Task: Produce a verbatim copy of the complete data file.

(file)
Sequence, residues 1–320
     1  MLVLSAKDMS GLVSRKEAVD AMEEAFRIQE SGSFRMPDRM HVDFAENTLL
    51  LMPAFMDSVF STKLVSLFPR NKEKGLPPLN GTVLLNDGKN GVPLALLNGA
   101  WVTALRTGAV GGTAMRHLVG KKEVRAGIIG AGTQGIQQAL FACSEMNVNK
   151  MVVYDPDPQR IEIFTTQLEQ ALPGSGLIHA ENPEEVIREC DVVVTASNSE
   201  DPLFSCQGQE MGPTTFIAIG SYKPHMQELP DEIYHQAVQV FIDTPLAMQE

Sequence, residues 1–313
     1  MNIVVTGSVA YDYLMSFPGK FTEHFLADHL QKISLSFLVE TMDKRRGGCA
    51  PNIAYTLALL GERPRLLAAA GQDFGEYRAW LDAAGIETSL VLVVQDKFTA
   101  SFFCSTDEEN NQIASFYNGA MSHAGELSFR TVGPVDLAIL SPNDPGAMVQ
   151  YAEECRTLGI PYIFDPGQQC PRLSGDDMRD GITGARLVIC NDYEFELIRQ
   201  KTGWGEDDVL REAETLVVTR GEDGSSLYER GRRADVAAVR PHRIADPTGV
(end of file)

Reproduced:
Sequence, residues 1–320
     1  MLVLSAKDMS GLVSRKEAVD AMEEAFRIQE SGSFRMPDRM HVDFAENTLL
    51  LMPAFMDSVF STKLVSLFPR NKEKGLPPLN GTVLLNDGKN GVPLALLNGA
   101  WVTALRTGAV GGTAMRHLVG KKEVRAGIIG AGTQGIQQAL FACSEMNVNK
   151  MVVYDPDPQR IEIFTTQLEQ ALPGSGLIHA ENPEEVIREC DVVVTASNSE
   201  DPLFSCQGQE MGPTTFIAIG SYKPHMQELP DEIYHQAVQV FIDTPLAMQE

Sequence, residues 1–313
     1  MNIVVTGSVA YDYLMSFPGK FTEHFLADHL QKISLSFLVE TMDKRRGGCA
    51  PNIAYTLALL GERPRLLAAA GQDFGEYRAW LDAAGIETSL VLVVQDKFTA
   101  SFFCSTDEEN NQIASFYNGA MSHAGELSFR TVGPVDLAIL SPNDPGAMVQ
   151  YAEECRTLGI PYIFDPGQQC PRLSGDDMRD GITGARLVIC NDYEFELIRQ
   201  KTGWGEDDVL REAETLVVTR GEDGSSLYER GRRADVAAVR PHRIADPTGV